Want an Oxbridge place? Dye your hair

This term sees students all over the country preparing for the interview season at Oxbridge.

Some students will turn up for their interview fully coached with well-rehearsed responses to every question the interviewer throws at them while others will turn up with little preparation and thus nothing more than their raw intellect. The question is whether the latter is really enough to get your students in - and the answer, from my experience, is probably no.

The very nature of the Oxbridge selection process is arbitrary. But then that's understandable, after all how do you differentiate between applicants all predicted to get three As at A-level? On average more than two-thirds of those who are interviewed are turned down. It stands to reason therefore that mistakes will be made and very good students will be rejected while some of those given places will fail to make the grade. So who does get in and why?

Unfortunately, we are all guilty of making judgments about someone based on what they look like - even the most learned academics in the world are guilty of this! I know of one girl who wore a man's suit and tie to her Oxford interview thinking it showed her to be an original free thinker (she was actually one of the dullest and dogmatic of people I have ever known!!) Did she get in? Yes, as did the English applicant who dyed her hair pink especially for the interview as she thought it made her look creative and a little bohemian.

Of course I'm not suggesting that what an applicant wears determines absolutely whether they get in or not, it's just that first impressions do count and when 20 equally qualified applicants are lined up, all in typical interview garb, then the one with pink hair or the girl in the man's suit is likely to stand out and be remembered. And that's what it is all about - to be remembered when the decisions are being made.

Indeed, first impressions do count and this is something recognised by the public schools who regularly send a significant proportion of their sixth forms to Oxbridge. The coaching and preparation that goes into each application is far more than at even the best comprehensives.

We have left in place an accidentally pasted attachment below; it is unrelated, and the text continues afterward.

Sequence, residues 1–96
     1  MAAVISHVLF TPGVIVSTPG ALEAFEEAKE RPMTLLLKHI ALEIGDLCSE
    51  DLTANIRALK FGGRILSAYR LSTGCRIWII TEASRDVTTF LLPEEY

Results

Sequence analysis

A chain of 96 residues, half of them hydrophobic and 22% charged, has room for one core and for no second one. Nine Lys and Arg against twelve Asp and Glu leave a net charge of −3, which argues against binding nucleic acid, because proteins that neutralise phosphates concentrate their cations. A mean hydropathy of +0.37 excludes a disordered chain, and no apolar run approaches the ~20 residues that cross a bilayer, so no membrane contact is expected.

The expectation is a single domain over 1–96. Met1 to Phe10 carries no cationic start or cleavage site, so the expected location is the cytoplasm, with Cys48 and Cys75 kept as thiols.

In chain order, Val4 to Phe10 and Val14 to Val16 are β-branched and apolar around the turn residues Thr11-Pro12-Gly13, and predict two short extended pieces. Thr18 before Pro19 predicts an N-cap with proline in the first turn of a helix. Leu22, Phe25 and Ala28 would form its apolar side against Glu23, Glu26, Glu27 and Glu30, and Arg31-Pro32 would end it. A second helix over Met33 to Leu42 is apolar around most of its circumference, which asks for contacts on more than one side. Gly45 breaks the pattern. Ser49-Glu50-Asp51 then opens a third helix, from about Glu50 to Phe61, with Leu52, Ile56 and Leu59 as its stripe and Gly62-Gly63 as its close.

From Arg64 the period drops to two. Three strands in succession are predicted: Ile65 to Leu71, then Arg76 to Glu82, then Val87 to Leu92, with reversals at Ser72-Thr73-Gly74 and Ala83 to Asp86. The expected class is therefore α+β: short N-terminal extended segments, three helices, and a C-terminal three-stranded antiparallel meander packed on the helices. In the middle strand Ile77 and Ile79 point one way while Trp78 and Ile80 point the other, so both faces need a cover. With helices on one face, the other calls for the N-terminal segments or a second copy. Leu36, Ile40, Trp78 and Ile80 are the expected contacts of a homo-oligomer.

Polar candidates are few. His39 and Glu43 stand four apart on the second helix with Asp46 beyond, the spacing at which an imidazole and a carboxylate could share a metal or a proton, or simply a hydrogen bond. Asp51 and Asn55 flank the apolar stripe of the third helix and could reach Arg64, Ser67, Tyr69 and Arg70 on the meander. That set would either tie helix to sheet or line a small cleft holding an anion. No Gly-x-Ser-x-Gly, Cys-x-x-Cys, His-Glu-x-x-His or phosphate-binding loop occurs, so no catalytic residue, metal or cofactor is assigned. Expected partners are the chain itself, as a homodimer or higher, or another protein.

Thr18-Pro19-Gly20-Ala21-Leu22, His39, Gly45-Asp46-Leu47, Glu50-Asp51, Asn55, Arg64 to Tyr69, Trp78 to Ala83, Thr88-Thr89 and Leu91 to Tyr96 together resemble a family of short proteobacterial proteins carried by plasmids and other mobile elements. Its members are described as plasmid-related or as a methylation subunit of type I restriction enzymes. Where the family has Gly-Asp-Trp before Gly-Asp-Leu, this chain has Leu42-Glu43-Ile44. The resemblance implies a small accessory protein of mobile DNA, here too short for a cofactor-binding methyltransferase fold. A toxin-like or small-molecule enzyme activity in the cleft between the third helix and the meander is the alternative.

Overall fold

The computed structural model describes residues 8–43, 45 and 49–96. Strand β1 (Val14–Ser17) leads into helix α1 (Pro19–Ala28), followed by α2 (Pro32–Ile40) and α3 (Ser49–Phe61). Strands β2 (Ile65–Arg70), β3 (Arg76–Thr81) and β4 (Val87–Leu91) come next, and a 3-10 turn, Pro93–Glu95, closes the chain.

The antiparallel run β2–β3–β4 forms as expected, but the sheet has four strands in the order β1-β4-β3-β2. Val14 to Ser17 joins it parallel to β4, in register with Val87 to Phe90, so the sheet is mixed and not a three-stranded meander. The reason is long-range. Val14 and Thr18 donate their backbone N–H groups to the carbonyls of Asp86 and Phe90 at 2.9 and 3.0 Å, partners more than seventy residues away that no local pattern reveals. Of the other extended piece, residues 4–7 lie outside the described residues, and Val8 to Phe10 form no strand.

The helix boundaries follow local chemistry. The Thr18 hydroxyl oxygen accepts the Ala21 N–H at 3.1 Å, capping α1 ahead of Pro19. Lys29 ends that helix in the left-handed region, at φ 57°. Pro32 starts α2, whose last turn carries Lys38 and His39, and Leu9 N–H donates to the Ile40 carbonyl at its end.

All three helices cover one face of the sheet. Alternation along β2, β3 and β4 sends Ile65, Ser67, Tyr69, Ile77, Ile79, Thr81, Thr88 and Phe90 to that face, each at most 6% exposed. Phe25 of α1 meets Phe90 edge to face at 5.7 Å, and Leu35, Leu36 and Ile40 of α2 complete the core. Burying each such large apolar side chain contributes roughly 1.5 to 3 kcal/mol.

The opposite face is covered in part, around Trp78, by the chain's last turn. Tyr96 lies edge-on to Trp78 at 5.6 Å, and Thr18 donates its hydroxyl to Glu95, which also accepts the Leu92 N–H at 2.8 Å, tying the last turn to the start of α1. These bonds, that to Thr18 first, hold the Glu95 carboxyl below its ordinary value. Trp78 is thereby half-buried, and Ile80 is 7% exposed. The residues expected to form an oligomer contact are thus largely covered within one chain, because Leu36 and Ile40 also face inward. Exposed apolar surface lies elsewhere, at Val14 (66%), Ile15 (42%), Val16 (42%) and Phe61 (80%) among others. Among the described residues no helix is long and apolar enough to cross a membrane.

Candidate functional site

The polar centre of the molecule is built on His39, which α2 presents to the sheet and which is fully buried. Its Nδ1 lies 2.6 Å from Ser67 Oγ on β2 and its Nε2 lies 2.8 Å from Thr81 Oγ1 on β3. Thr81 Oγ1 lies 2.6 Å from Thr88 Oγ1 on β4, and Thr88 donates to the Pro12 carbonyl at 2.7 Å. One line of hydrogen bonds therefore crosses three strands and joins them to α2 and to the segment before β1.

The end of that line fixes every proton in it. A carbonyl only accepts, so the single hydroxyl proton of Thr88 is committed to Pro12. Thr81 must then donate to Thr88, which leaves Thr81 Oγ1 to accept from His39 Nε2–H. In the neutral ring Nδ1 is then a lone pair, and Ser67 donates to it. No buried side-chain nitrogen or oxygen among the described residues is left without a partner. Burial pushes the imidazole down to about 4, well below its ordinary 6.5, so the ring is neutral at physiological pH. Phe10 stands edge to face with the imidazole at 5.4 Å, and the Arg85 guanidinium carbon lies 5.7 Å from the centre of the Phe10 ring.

How is a state- school student expected to cope against a public-school rival who has spent hours being told how to approach an interview? Also, many public schools have links with particular colleges and teachers actually know the tutors who will be interviewing their pupils.

No one could seriously believe that these pupils aren't more likely to get in above an equally bright sixth-former whose state school has no previous links with Oxbridge let alone a particular college or tutor.

Oxbridge application forms are scrutinised before an applicant comes up for interview and I believe that many decisions are already made before tutors meet the actual students. What therefore is the point of interviewing? Just to make sure a good applicant doesn't slip through the net? To make sure those already earmarked for places aren't complete dunces in real life?

The whole Oxbridge selection process is flawed - it allows brilliant students like Anastasia Fedotova, the comprehensive student with six A grades at A- level who made the news recently and who would make the most of an Oxbridge education, to slip through the net.

From my state school alone, I can think of two students who were turned down who, in my opinion, would have made better students than some of those I have encountered during my first year at Cambridge. I don't think anyone can disagree that the Oxbridge selection process is an un-level playing field. But how can this ever be alleviated?

Perhaps it would be better if Oxford and Cambridge brought back entrance exams. If practice papers were made widely available then there would be equality between private and state schools as each would know what to expect and thus each would perform to the best of their abilities. The best brains would then be offered places.

But the application process will always be seen as unfair when state-school sixth-formers are up against their public school counterparts for a very limited number of places. Maybe things can never change.

Laura-Jane Foley is a former student of Walton high school, Stafford. She is about to begin her second year at Cambridge University Libby Purves, back page

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